Photos and profile by Caryn B. Davis

Nelson-WhiteNelson Holbrook White is back in school. This octogenarian is studying art again even though he has been a professional artist nearly all his life. And this isn’t just any school. This is Florence Academy of Art, located in Florence, Italy, a city that many years before played a predominant role in Nelson’s decision to become an artist.

Nelson is a third generation painter. Growing up in Waterford, Connecticut he was surrounded by some of the most influential artists of the day which included his father, Nelson Cooke White (1900-1989) and his grandfather Henry Cooke White (1861-1952), both of whom were members of the Old Lyme art colony in Old Lyme, Connecticut.

The colony was established in 1899 by artist Henry Ward Ranger and was instrumental in the development of American Impressionism. Attracted by the bucolic landscape, artists like Childe Hassam, Willard Metcalfe, William Henry Howe, and others convened at Florence Griswold’s boarding house.

“My grandfather went there as boarder with my father who was then three. There was great camaraderie among the artists, most of whom had been trained in Europe. They all told me how wonderful Florence Griswold was,” recalls Nelson. “When her house started to get run down and she went on vacation for two weeks, they all chipped in and fixed it up. That was the feeling there. They appreciated how much she gave and sacrificed.”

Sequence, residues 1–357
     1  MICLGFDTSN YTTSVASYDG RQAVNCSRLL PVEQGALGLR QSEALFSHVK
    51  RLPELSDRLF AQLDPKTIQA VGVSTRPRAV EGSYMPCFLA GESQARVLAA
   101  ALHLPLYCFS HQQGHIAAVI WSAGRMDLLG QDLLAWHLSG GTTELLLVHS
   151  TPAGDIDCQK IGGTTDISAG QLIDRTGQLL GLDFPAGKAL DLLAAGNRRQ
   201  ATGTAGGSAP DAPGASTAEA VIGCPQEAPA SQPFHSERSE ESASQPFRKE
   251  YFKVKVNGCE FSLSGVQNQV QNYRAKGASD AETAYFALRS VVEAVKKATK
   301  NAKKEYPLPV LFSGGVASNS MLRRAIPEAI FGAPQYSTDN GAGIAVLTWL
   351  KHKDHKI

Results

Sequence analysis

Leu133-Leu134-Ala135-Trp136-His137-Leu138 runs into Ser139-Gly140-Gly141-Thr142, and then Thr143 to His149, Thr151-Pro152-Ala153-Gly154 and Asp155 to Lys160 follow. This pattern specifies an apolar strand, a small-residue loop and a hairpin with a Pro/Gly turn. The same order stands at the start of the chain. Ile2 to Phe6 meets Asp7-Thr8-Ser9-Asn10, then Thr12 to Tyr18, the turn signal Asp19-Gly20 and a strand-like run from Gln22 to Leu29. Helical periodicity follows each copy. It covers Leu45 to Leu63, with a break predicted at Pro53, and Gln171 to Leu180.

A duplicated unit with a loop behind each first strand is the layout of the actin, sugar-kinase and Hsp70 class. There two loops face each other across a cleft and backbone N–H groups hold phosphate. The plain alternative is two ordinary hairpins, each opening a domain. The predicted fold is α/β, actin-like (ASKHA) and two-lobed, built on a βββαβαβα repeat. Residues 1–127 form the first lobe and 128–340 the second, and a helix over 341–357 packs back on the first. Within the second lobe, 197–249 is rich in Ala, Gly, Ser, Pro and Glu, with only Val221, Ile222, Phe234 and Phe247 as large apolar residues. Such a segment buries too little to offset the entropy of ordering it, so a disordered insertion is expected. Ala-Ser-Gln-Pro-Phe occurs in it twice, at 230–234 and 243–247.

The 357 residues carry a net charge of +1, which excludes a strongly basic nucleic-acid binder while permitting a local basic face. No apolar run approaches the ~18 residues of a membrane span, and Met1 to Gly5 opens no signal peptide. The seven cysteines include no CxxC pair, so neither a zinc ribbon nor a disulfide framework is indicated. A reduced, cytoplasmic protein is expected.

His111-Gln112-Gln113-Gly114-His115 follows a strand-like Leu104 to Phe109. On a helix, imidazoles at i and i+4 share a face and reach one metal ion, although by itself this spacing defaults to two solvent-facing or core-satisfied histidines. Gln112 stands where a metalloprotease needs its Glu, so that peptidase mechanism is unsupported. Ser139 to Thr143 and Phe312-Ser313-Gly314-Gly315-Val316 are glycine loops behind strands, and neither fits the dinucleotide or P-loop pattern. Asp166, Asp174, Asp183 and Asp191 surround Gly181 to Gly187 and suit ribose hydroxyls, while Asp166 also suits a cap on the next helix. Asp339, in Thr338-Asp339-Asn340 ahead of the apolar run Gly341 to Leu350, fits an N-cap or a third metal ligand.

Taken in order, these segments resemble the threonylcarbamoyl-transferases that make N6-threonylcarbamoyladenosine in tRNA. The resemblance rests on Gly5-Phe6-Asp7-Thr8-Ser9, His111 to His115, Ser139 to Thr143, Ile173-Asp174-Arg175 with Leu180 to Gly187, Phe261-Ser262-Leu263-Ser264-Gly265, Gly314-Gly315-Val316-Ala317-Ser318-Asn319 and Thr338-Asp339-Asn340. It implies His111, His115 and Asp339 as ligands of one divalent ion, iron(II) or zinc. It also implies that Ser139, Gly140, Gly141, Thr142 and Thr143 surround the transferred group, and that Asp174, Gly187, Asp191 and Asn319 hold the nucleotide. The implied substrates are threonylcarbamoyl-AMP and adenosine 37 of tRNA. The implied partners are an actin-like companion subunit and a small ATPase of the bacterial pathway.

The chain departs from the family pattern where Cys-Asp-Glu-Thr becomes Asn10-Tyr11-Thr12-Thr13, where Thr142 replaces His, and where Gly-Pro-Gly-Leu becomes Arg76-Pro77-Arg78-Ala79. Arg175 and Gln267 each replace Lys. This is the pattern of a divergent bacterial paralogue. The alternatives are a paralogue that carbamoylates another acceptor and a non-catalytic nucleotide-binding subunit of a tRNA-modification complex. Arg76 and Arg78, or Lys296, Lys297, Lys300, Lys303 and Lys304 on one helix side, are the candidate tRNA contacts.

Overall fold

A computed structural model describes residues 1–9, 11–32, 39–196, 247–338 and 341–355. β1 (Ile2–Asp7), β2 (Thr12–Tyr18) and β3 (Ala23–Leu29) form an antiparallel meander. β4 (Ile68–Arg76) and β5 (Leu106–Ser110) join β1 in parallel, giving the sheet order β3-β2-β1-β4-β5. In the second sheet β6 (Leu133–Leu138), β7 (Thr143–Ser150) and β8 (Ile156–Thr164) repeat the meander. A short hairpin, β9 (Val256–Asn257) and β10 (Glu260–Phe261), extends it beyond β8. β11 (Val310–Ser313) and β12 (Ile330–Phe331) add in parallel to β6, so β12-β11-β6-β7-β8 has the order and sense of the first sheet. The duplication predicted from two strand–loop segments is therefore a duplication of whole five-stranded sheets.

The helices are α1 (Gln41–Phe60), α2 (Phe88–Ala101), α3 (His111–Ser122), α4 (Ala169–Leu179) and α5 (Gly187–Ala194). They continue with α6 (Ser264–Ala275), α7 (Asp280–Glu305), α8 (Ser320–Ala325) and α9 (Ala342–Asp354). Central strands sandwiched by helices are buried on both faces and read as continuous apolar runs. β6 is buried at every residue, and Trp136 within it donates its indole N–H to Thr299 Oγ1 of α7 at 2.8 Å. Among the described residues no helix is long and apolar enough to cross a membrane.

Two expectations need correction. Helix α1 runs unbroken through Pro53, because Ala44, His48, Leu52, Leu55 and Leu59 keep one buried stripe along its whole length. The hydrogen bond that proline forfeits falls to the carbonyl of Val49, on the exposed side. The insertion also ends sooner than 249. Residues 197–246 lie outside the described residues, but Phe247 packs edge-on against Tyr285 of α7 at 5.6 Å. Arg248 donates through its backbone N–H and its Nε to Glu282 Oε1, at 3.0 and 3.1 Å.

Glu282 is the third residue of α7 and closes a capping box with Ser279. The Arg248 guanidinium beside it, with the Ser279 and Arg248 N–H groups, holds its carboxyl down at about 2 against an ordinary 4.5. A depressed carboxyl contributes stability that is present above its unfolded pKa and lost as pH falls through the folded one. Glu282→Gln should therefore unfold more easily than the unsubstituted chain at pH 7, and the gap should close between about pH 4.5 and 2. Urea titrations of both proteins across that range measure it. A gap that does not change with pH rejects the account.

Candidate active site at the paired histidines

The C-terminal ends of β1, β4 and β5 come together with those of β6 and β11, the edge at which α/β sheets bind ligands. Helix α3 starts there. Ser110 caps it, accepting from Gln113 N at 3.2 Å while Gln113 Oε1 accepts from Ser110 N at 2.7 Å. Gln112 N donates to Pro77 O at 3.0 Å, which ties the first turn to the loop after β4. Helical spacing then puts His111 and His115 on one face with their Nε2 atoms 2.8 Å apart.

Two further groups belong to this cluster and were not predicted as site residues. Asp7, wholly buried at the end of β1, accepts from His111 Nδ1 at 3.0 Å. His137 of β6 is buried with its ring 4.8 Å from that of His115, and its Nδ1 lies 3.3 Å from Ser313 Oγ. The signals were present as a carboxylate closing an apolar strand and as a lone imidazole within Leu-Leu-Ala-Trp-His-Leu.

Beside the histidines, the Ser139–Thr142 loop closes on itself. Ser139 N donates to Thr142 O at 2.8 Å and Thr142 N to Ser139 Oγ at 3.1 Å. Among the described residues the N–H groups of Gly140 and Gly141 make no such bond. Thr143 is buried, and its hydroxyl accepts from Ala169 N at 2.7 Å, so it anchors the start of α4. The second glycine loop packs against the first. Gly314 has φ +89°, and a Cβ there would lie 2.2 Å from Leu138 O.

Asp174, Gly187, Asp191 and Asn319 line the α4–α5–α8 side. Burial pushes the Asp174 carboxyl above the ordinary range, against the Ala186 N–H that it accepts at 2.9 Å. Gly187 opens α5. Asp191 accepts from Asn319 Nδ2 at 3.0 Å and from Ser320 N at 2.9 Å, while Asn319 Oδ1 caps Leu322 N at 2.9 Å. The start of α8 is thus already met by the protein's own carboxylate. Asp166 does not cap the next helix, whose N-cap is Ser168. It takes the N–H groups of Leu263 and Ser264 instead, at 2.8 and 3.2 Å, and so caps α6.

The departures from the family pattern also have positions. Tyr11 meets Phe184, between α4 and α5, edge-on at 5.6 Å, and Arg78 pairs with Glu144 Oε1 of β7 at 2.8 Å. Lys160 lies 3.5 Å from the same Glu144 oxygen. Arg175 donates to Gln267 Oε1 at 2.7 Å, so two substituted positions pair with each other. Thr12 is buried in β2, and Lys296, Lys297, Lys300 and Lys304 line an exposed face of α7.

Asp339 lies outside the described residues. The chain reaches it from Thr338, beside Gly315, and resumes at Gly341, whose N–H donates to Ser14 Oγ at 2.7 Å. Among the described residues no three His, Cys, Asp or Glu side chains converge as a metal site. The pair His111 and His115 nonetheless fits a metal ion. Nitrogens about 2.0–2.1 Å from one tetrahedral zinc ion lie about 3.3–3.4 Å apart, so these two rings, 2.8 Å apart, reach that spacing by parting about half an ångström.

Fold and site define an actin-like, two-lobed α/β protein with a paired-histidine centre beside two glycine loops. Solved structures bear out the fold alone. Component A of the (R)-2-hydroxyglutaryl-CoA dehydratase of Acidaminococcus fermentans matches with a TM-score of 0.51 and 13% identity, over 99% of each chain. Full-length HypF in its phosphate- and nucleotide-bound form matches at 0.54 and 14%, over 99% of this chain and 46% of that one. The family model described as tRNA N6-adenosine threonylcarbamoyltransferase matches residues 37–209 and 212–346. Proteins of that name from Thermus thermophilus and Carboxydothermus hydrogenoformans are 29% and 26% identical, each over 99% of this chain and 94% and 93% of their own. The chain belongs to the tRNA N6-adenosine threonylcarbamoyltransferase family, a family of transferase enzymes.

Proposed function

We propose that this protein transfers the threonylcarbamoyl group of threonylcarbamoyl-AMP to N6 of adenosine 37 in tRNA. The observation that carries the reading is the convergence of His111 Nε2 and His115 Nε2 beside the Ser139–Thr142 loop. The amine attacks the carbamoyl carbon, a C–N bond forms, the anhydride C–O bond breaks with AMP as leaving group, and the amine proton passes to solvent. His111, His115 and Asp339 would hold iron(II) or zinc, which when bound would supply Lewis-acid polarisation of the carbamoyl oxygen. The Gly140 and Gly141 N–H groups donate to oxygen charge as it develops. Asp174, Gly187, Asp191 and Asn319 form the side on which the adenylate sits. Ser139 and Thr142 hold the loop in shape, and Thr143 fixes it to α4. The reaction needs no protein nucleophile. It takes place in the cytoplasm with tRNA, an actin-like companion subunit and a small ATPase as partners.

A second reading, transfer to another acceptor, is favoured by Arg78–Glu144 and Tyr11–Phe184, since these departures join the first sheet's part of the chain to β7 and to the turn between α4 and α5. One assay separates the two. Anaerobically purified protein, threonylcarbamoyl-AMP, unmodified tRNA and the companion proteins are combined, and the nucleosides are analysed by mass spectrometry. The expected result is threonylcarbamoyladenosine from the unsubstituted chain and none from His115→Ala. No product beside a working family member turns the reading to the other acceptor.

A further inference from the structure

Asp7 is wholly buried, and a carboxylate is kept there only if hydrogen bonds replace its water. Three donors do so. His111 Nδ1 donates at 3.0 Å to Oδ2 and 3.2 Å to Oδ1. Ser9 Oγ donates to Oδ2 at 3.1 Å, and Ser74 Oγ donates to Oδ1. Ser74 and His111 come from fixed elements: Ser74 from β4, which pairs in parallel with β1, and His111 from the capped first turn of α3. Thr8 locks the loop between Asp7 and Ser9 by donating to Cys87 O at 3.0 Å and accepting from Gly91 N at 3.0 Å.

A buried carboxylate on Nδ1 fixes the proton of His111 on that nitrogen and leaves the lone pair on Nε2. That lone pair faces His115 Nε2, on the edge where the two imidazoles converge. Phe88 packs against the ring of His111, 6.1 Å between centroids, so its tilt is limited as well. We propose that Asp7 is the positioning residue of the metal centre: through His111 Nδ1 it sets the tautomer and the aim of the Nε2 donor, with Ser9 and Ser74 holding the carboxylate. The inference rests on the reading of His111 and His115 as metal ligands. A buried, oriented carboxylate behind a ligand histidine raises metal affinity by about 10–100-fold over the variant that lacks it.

The eldest White hailed from Hartford. At age fourteen he began studying with artist Dwight Tryon, with the strict understanding he had to attend school during the week but could accompany Tryon at his studio on the weekend. Although Henry’s father, a judge, had hoped his son would pursue law, he eventually acquiesced, recognizing Henry’s determination and talent.

Henry had a successful career and also established the Connecticut Academy of Fine
Arts and penned a major biography entitled, “The Life and Art of Dwight William Tryon,” to whom he remained close throughout his life. He was an avid boater with a deep appreciation of Herreshoff boats particularly, which he viewed as works of art equal to that of a painting. Henry taught Nelson how to row a boat at age three and to sail at age five.

“My grandfather was boat crazy. If he was going to do anything with boats, he was really going to get involved. He wanted to meet Nathanael Herreshoff. After a brief correspondence, he went to the Herreshoff Manufacturing Company in Bristol, Rhode Island and bought a 33-foot yawl Nathanael had designed and built in 1926,” says Nelson. “That yawl, called Aida, was just donated to Mystic Seaport.”